the Hunger Games ballad of songbirds and snakes

The Hunger Games: The Ballad of Songbirds & Snakes gets to the evil heart of the franchise

We spoke with franchise producer Nina Jacobson about recasting Hunger Games’ iconic villain, choosing politically engaged projects and more.

Since its release in 2012, The Hunger Games, an adaptation of Suzanne Collins’ popular book series, has become a major movie franchise. It’s been over five years since the last film, though, and with the upcoming release of The Hunger Games: The Ballad of Songbirds & Snakes, the series returns to the past and the origin story of the villainous Coriolanus Snow before he became the tyrannical president of Panem.

The film’s events occur during the 10th annual Hunger Games, when the fight-to-the-death tournament is waning in popularity. The populace of the Capital sees the games as increasingly barbaric and is no longer entertained by mere bloodshed. Over the course of the film, we watch Snow (Tom Blythe), along with his tribute, Lucy Gray Bird (Rachel Zegler), help reshape and modernize the games, renewing their popularity with the citizens of the Capital.

Producer Nina Jacobson has been involved since day one. Jacobson has had an illustrious and hands-on behind-the-scenes career for over three decades. She sat down with Cult MTL to discuss The Hunger Games and her work.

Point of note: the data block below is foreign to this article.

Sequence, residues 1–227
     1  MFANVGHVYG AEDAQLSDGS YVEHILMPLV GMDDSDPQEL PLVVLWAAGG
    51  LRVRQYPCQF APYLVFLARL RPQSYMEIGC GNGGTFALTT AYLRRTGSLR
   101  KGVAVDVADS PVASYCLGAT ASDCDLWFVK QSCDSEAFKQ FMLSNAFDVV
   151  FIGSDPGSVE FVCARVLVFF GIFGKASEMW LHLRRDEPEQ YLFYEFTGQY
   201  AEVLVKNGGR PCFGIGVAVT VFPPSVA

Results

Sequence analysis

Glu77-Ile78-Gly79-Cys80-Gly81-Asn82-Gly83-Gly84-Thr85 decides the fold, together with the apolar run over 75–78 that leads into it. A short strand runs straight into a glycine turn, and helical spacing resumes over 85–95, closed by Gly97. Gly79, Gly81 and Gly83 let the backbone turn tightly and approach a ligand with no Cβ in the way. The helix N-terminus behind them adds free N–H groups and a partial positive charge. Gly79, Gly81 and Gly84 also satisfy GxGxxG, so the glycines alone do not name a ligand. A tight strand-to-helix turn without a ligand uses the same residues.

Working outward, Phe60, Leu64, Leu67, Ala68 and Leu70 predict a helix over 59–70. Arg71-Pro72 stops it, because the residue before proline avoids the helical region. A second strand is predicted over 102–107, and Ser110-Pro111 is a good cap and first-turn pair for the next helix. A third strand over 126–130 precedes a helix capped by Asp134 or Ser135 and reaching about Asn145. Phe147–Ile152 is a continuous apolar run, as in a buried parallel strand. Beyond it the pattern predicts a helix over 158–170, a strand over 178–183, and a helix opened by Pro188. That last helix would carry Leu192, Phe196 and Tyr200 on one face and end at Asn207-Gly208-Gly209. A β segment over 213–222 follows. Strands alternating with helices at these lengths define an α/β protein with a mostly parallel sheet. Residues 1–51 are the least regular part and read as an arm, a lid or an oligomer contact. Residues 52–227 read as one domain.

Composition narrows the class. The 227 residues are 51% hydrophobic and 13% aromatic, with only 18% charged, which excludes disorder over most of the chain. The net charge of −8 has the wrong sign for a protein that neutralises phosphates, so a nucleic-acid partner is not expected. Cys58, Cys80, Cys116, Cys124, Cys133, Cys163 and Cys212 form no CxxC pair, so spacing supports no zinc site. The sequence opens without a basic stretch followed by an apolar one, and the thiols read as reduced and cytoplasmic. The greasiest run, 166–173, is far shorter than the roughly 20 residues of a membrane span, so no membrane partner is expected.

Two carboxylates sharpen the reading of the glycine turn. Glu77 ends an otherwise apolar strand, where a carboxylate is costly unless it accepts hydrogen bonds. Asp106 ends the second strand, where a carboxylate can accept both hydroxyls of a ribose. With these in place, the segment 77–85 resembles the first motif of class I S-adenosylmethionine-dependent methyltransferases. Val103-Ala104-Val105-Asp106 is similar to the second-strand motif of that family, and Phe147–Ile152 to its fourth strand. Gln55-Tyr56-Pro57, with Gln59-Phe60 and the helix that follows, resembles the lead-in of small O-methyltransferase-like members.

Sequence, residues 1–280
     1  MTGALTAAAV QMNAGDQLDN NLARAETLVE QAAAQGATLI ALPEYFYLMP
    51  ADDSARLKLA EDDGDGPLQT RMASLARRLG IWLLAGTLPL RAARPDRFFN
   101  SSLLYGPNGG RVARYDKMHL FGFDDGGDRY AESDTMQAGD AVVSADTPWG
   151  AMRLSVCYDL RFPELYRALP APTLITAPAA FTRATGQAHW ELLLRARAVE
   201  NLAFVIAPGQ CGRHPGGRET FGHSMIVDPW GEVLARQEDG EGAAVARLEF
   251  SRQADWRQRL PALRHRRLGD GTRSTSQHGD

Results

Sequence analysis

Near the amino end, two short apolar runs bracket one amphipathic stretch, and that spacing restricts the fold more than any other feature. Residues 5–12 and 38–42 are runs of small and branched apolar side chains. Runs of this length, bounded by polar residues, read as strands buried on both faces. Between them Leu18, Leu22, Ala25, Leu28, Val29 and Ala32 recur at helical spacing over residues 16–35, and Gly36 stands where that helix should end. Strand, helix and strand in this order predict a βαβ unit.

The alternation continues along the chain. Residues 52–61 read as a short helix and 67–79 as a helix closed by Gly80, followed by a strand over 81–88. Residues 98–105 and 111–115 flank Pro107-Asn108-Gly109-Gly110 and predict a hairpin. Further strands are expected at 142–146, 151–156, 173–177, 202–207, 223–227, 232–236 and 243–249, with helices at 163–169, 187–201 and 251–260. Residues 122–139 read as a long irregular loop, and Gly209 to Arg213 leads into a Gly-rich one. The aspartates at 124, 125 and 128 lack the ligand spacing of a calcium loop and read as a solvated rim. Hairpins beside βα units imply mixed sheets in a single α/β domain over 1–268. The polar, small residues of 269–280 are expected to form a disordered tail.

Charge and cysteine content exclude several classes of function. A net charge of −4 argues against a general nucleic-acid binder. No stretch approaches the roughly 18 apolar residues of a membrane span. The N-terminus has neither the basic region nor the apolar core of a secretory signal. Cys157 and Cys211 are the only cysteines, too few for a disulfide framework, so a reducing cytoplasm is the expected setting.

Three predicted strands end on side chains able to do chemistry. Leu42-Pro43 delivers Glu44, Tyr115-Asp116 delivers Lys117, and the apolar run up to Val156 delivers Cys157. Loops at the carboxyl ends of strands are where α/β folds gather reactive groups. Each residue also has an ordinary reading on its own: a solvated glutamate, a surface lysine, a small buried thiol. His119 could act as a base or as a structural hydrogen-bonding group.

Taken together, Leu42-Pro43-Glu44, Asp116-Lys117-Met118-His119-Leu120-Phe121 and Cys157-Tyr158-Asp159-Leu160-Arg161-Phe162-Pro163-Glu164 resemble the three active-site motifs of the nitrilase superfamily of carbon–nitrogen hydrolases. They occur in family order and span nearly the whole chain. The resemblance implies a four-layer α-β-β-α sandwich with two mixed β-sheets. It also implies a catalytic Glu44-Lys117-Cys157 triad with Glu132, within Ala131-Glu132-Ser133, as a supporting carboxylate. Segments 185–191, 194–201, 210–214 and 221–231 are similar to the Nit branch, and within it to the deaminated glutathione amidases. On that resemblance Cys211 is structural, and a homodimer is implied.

Justine Smith: As a producer, you’ve worked on many literary adaptations. Of course, The Hunger Games, but also Diary of a Wimpy Kid, The Goldfinch and Crazy Rich Asians. How does it work to bring a book to the big screen? 

Nina Jacobson: I’m a huge reader. I am always listening or reading. I just have to have a lot of stories. Any time that I read a book or a manuscript that I can’t put down and I can’t stop thinking about, my ears perk up, and I think, ‘Is this just an amazing book? Or is there a possibility that this would make a great adaptation?’ At that point, it’s about speaking to the author and ensuring that your vision and ideas align with theirs. With Suzanne (Collins), she is the North Star. She is our backbone. 

Any adaptation requires choices. You have to decide what to keep, what is essential, and what is compressed or even omitted. Are you making sure to stay true to the soul of the book? Suzanne is very open and collaborative. The process is about figuring out those priorities and making sure you’re aligned with an author and holding onto them through the adaptation process, and never losing sight of what made you love the work in the first place. From hiring a writer to putting the finishing touches on a cut of the film and getting it ready for the audience, you are thinking about holding onto that soul and how you protect it. 

JS: With your production company, Color Force, you’ve chosen a lot of projects that are politically engaged, including the Hunger Games, but also things like American Crime Story: The People v. O. J. Simpson. How important is it for you to choose politically engaged projects? 

NJ: For one, I think that audiences are really smart and want to be treated with the respect they desire. I think audiences want to be challenged. They want something to talk about, to argue about.